“I’ll be 9, which is almost 10, which is practically a teenager…so don’t call me little…”
That is how some of the conversation at our house has gone recently.
“Whoa! Slow down there partner, you’re still 8 right now, and you will never have the chance to be 8 years old again, so make sure you REALLY enjoy these next couple of days. And when you turn 9, don’t rush into teenager. Enjoy being 9; it only comes around once in a lifetime.”
My husband’s employer recently held its annual holiday celebration. Perfect timing actually—a little pick-me-up after the January doldrums. It was an amazing evening with much good company, great food , lots of laughter and great music provided by a Madison-based band called Midlife Crisis.
My husband talked about how the music was that of “our generation”…his actually. I’m two years younger, which makes me not a baby boomer (but not quite a Gen-Xer either—some would call me a “tweener”). I came up in the MTV generation: Eric Clapton and Rod Stewart Unplugged; I didn’t hear any Rod Stewart this weekend. We did get a little Clapton though.
Bedtime stories were read. My daughter was snuggled happily under the covers. The lights were out, and I was lying next to her, holding her as we looked at her brand new Cinderella light. Glitter swirled and twinkled in the blue light, scattering patterns on the ceiling.
“Did you have a good day today?” I asked.
“Oh, Mama, it was the best birthday ever! And I want to stay up all night looking at my Cinderella light.”
I smiled. “It is beautiful. It reminds me of when I was younger and I would spend countless hours daydreaming by the Christmas tree, looking at the patterns the lights made on the ceiling.”
Children embrace their birthdays with such enthusiasm. They are excited to celebrate their day with their friends and family. They are excited to celebrate and share the joy of their lives with the people they love.
While my daughter’s thoughts probably drifted to dreams of princesses, fancy dresses and towering castles, my thoughts drifted to “birthdays” and the differences in the way children and adults view their special day.
You may think that I’m talking foolish
You’ve heard that I’m wild and I’m free
You may wonder how I can promise you now
This love that I feel for you always will be
Somehow in Texas country music sounds better than it does anywhere else. It belongs. I was living in Texas when I first heard the Randy Travis song “Forever and Ever, Amen”. Once for fun, I sent it to a local radio station to play to mark my parent’s 30th wedding anniversary. I never really thought about the words of that song again until recently. That particular song may be kind of sentimental, but to me it expresses perfectly something that I have learned about my father over the last few years, and I have trouble finding other words that express the feeling as well. Continue reading “A Father’s Example”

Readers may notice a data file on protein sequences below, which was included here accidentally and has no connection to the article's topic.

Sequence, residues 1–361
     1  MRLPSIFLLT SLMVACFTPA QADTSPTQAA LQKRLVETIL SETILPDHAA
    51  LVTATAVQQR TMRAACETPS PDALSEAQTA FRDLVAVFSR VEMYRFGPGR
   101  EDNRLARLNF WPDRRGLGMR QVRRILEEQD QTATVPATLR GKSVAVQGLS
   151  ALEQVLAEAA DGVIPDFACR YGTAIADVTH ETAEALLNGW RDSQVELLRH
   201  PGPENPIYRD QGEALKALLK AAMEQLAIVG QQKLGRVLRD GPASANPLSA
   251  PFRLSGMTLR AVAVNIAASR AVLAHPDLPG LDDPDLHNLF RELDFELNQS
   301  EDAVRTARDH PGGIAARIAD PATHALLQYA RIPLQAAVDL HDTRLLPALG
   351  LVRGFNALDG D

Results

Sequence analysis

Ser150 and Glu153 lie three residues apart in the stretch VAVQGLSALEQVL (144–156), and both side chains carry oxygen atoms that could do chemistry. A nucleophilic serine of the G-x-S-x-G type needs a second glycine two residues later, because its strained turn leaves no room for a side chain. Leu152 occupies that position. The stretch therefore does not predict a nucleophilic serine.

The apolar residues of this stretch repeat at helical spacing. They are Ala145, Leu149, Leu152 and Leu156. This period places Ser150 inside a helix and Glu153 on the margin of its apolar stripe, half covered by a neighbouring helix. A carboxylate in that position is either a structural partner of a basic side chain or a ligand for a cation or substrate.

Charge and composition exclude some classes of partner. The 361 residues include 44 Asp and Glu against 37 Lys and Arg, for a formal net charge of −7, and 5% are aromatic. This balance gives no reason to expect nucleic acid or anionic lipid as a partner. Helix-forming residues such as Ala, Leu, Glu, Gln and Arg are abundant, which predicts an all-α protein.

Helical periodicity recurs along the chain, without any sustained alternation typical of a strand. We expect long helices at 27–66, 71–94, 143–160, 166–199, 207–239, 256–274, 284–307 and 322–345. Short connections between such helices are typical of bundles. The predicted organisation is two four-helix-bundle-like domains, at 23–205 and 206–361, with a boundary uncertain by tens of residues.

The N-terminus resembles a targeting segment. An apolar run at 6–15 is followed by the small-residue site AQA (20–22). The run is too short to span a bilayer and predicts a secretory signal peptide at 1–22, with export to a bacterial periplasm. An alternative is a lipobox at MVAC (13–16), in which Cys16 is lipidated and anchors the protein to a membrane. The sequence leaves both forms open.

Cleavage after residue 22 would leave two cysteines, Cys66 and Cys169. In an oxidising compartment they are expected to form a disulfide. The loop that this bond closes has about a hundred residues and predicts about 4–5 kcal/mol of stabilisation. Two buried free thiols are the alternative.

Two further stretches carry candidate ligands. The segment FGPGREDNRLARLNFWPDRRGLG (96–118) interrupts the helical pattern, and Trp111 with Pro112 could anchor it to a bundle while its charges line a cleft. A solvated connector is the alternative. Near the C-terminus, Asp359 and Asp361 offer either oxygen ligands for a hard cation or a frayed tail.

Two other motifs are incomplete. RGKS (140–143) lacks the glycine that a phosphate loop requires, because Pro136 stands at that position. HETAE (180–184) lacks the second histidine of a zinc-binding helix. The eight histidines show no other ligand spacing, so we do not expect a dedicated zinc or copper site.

Okay here’s the deal. Working up “a good sweat” does not make me feel good. It makes me feel sweaty. I don’t like public showers. And my idea of well spent leisure time involves curling up with a good book, sitting down to write or knitting and chatting with friends. That is who I am.
But I am also overweight, have lousy lipid values and a family history of diabetes.
Or at least that’s the perception. You can ask just about anybody in any culture, east or west, and you will find that everyone agrees: time seems to go by much faster as we age. I recently heard a radio interview with David Eagleman of Baylor University College of Medicine, and he has a theory about this. He thinks that when we are young most of our experiences are new, and our brains are writing down every detail, forming neural networks to record all the details of the experience for future reference. And, when the future comes, our brains reference the previous experience. “Oh I know about this,” and the second, third and fourth similar experiences don’t get recorded in such detail. That lack of time spent recording the experiences makes it seem like the experiences didn’t last as long when we look back on them.
For instance, Eagleman said, “think about your first kiss.” So I did think back to my high school days, and I do remember the details. Where it happened, what it felt like, what he was wearing, how totally underwhelmed I was. And it did seem like the kiss took a very long time.
And, the first day you drive to work at a new company, the commute always lasts longer than it does at the end of your first year on that job.
Summers used to last forever too. And so did the school year.
I recently had a birthday, which means I have become somewhat of an expert at birthdays, having celebrated my fair share of them. I haven’t had nearly as many as my brother and sister, evidenced by the fact that I can still remember their birthdays (ahem, ahem). However, as usual, it is my toddler-aged daughter who has managed to teach me something about birthdays.
First, to quote her “I like candles”.
She’s right. Candles are cool. You can light them, turn off the overhead lamps, and the sparkle of the candle light reflects in the smiling eyes of the people you love who have gathered around to wish you well on your special day.